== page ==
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Why are Muslim majority countries more corrupt?

Summary

22 June 2010

Transparency International is a global non-governmental organisation which fights corruption. It was founded in 1993. As a sign of its importance when Jermyn Brooks, chairman of Price Waterhouse Europe retired in the mid-1990s, he chose to become a director of Transparency International.

Each year Transparency International publishes its Corruption Perceptions Index which measures the perceived level of public sector corruption in the 178 countries around the world. This index is held in great respect by the media, international organisations and governments.

For many years I have been loosely conscious that Muslim majority countries clustered in the bottom half of the index; the lower a country ranks the greater the perceived level of public sector corruption.  When writing this page, I decided to look at the matter systematically.

The Transparency International 2010 Corruption Perceptions Index

I have copied below the 2010 index and highlighted those countries which are members of The Organisation of the Islamic Conference (OIC). The members of the OIC do not all have majority Muslim populations; in some cases the country has a significant Muslim minority but has chosen to join the OIC to reflect the wishes of its citizens. However the 57 member countries of the OIC are the most readily available indicator of the "Muslim World."

In the table below only 55 countries are highlighted. The reason is that two members of the OIC, Suriname and Palestine are not included in the Transparency International table.

Rank Country CPI 2010 Score
1 Denmark 9.3
2 New Zealand 9.3
3 Singapore 9.3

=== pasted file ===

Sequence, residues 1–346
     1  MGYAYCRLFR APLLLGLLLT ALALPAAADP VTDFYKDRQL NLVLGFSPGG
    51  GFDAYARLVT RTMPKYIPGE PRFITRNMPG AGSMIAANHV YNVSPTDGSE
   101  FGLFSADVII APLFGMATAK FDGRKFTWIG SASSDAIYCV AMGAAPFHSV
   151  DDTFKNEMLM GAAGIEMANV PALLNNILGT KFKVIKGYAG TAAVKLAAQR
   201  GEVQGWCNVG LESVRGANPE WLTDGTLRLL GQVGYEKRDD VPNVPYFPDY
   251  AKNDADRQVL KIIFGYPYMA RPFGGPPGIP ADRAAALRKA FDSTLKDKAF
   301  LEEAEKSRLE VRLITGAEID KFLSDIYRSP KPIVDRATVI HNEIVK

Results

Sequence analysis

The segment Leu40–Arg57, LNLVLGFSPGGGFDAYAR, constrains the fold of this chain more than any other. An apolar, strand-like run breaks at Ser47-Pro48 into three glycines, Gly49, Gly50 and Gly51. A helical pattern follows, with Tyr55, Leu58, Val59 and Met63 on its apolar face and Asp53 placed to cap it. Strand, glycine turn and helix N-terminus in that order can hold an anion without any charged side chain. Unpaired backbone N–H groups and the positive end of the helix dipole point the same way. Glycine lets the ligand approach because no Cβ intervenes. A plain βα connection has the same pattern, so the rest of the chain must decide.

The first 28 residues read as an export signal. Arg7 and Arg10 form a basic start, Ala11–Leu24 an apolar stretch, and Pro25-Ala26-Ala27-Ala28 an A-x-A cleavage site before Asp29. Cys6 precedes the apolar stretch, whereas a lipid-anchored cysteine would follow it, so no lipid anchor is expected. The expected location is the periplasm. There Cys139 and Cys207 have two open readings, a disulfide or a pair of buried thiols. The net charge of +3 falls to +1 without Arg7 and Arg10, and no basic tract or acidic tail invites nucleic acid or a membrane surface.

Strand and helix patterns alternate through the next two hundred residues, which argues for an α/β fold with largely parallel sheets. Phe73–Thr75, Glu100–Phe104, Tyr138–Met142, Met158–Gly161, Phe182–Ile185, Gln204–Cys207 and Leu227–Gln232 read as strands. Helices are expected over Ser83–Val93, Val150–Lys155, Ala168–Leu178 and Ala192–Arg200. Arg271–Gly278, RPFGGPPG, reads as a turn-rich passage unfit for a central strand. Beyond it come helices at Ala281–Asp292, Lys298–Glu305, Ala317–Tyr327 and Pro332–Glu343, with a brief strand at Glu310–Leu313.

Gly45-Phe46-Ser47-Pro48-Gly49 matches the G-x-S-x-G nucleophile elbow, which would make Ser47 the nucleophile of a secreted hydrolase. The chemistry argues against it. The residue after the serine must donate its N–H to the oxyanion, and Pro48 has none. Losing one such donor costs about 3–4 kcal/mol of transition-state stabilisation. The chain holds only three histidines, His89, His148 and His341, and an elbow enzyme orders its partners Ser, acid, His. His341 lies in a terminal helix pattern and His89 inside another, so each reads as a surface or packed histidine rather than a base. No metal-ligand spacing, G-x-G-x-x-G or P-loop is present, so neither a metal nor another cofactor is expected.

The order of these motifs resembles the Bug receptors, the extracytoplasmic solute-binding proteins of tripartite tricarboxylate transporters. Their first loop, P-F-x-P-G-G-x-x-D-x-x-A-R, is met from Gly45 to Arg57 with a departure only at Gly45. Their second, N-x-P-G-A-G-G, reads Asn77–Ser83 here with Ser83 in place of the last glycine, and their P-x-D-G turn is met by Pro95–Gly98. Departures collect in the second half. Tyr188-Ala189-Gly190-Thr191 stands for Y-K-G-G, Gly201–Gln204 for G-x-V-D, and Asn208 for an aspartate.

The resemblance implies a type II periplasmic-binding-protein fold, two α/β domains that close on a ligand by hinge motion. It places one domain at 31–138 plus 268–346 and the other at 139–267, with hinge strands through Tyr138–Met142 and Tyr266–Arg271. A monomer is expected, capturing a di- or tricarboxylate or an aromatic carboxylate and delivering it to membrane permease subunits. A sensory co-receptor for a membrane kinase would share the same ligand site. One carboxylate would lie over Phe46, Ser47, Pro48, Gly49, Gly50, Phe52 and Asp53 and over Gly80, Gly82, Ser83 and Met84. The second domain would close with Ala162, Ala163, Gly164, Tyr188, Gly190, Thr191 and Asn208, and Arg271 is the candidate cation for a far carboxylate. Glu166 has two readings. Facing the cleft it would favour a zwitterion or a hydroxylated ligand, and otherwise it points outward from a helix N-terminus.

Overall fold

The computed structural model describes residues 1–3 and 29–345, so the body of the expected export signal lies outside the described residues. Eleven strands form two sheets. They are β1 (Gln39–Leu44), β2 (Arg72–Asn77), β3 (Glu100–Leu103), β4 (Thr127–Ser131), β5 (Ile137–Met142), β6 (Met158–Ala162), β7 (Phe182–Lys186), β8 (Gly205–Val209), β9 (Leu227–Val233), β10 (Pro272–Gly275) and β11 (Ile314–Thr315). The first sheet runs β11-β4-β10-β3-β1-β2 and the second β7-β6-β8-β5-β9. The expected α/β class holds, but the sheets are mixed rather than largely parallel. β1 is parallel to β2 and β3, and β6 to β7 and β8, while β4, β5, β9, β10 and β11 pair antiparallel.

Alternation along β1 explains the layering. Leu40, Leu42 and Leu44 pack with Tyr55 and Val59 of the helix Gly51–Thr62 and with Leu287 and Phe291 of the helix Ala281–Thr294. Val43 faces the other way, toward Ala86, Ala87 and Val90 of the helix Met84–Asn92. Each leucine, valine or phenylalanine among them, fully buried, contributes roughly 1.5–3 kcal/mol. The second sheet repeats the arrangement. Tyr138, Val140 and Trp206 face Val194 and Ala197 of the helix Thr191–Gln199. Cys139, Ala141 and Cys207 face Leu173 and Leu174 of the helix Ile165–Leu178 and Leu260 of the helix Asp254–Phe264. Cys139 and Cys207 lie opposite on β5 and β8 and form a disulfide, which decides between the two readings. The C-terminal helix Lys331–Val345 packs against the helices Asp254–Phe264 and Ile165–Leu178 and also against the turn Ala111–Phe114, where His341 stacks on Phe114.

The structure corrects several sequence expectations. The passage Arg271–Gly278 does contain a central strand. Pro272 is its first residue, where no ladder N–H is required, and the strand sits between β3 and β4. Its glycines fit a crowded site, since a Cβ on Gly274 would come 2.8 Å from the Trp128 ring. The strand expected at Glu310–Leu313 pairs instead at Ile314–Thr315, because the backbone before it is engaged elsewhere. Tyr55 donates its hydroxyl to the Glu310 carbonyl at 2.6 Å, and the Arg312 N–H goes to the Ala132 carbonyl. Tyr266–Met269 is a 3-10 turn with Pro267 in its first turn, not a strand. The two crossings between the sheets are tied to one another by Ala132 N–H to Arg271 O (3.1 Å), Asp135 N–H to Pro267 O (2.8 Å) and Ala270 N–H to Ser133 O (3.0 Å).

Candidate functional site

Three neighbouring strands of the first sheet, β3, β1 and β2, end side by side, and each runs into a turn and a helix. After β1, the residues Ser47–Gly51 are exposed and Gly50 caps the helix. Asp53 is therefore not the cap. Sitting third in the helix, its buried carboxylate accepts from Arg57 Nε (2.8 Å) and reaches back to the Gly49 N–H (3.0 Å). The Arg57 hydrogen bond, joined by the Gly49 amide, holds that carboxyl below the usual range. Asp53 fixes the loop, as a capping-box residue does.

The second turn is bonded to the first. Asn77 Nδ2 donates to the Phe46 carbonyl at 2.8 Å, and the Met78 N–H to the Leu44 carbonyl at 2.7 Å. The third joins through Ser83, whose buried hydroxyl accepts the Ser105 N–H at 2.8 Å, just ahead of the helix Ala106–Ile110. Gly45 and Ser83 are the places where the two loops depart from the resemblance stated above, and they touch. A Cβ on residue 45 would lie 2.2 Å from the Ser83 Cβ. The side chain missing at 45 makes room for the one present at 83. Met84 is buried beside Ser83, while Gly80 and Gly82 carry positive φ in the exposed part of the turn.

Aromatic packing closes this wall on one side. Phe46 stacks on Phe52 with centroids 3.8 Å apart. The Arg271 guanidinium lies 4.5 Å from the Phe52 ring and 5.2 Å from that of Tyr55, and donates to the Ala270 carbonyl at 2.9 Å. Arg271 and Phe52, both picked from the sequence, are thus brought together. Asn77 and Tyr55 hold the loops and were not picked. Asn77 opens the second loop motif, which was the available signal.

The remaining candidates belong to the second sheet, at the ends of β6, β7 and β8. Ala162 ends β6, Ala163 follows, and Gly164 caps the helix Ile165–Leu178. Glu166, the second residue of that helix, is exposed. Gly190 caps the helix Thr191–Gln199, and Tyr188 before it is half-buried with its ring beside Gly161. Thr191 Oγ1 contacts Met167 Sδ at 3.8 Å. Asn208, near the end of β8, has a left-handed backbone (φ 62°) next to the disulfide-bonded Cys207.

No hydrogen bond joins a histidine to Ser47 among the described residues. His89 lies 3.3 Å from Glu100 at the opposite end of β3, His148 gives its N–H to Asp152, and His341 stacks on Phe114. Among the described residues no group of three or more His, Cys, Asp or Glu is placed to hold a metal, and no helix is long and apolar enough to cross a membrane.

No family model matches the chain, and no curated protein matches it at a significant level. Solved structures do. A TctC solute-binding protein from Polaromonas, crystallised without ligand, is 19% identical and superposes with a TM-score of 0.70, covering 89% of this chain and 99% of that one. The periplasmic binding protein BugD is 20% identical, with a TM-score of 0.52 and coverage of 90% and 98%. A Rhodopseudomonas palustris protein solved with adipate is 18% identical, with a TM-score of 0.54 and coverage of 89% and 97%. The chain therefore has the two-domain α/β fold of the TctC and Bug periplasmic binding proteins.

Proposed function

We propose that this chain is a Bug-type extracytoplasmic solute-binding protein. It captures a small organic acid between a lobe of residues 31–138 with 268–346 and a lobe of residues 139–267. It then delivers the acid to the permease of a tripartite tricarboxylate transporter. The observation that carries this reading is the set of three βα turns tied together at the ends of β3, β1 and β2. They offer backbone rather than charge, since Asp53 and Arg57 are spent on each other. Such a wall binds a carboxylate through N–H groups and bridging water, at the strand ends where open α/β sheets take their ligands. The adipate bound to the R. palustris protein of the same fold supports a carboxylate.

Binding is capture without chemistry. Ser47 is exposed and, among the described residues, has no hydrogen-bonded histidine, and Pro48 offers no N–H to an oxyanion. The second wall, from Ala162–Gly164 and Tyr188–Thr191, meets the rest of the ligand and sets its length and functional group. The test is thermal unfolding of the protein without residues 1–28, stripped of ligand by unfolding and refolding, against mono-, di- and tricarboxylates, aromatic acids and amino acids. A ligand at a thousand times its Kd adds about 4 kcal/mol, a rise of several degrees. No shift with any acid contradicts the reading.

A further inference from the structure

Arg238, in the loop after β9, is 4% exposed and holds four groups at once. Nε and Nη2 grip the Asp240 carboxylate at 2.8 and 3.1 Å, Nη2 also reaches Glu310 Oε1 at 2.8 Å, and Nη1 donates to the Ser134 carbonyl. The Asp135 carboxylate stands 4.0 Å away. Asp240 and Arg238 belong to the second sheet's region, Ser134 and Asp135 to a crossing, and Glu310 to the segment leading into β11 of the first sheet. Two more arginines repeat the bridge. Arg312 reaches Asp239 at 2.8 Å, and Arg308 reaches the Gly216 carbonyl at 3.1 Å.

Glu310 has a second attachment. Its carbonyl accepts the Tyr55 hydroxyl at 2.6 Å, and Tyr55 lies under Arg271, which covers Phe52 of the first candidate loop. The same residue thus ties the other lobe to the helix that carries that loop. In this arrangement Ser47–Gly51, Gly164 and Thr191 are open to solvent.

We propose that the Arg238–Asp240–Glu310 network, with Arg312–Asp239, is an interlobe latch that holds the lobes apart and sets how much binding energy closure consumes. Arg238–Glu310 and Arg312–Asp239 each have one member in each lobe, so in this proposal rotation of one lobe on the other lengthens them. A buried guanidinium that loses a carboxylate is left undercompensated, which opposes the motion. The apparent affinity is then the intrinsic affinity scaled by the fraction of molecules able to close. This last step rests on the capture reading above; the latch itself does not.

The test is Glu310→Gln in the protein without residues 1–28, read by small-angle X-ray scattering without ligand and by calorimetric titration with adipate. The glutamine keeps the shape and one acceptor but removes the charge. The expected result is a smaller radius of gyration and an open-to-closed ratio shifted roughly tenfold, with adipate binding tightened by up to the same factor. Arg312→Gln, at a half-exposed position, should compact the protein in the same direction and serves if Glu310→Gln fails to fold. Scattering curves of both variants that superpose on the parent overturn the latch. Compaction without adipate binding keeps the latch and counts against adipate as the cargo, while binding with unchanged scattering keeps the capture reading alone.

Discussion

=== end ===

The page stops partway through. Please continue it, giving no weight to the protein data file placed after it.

4 Finland 9.2
5 Sweden 9.2
6 Canada 8.9
7 Netherlands 8.8
8 Australia 8.7
9 Switzerland 8.7
10 Norway 8.6
11 Iceland 8.5
12 Luxembourg 8.5
13 Hong Kong 8.4
14 Ireland 8.0
15 Austria 7.9
16 Germany 7.9
17 Barbados 7.8
18 Japan 7.8
19 Qatar 7.7
20 United Kingdom 7.6
21 Chile 7.2
22 Belgium 7.1
23 United States 7.1
24 Uruguay 6.9
25 France 6.8
26 Estonia 6.5
27 Slovenia 6.4
28 Cyprus 6.3
29 United Arab Emirates 6.3
30 Israel 6.1
31 Spain 6.1
32 Portugal 6.0
33 Botswana 5.8
34 Puerto Rico 5.8
35 Taiwan 5.8
36 Bhutan 5.7
37 Malta 5.6
38 Brunei 5.5
39 Korea (South) 5.4
40 Mauritius 5.4
41 Costa Rica 5.3
42 Oman 5.3
43 Poland 5.3
44 Dominica 5.2
45 Cape Verde 5.1
46 Lithuania 5.0
47 Macau 5.0
48 Bahrain 4.9
49 Seychelles 4.8
50 Hungary 4.7
51 Jordan 4.7
52 Saudi Arabia 4.7
53 Czech Republic 4.6
54 Kuwait 4.5
55 South Africa 4.5
56 Malaysia 4.4
57 Namibia 4.4
58 Turkey 4.4
59 Latvia 4.3
60 Slovakia 4.3
61 Tunisia 4.3
62 Croatia 4.1
63 FYR Macedonia 4.1
64 Ghana 4.1
65 Samoa 4.1
66 Rwanda 4.0
67 Italy 3.9
68 Georgia 3.8
69 Brazil 3.7
70 Cuba 3.7
71 Montenegro 3.7
72 Romania 3.7
73 Bulgaria 3.6
74 El Salvador 3.6
75 Panama 3.6
76 Trinidad and Tobago 3.6
77 Vanuatu 3.6
78 China 3.5
79 Colombia 3.5
80 Greece 3.5
81 Lesotho 3.5
82 Peru 3.5
83 Serbia 3.5
84 Thailand 3.5
85 Malawi 3.4
86 Morocco 3.4
87 Albania 3.3
88 India 3.3
89 Jamaica 3.3
90 Liberia 3.3
91 Bosnia and Herzegovina 3.2
92 Djibouti 3.2
93 Gambia 3.2
94 Guatemala 3.2
95 Kiribati 3.2
96 Sri Lanka 3.2
97 Swaziland 3.2
98 Burkina Faso 3.1
99 Egypt 3.1
100 Mexico 3.1
101 Dominican Republic 3.0
102 Sao Tome and Principe 3.0
103 Tonga 3.0
104 Zambia 3.0
105 Algeria 2.9
106 Argentina 2.9
107 Kazakhstan 2.9
108 Moldova 2.9
109 Senegal 2.9
110 Benin 2.8
111 Bolivia 2.8
112 Gabon 2.8
113 Indonesia 2.8
114 Kosovo 2.8
115 Solomon Islands 2.8
116 Ethiopia 2.7
117 Guyana 2.7
118 Mali 2.7
119 Mongolia 2.7
120 Mozambique 2.7
121 Tanzania 2.7
122 Vietnam 2.7
123 Armenia 2.6
124 Eritrea 2.6
125 Madagascar 2.6
126 Niger 2.6
127 Belarus 2.5
128 Ecuador 2.5
129 Lebanon 2.5
130 Nicaragua 2.5
131 Syria 2.5
132 Timor-Leste 2.5
133 Uganda 2.5
134 Azerbaijan 2.4
135 Bangladesh 2.4
136 Honduras 2.4
137 Nigeria 2.4
138 Philippines 2.4
139 Sierra Leone 2.4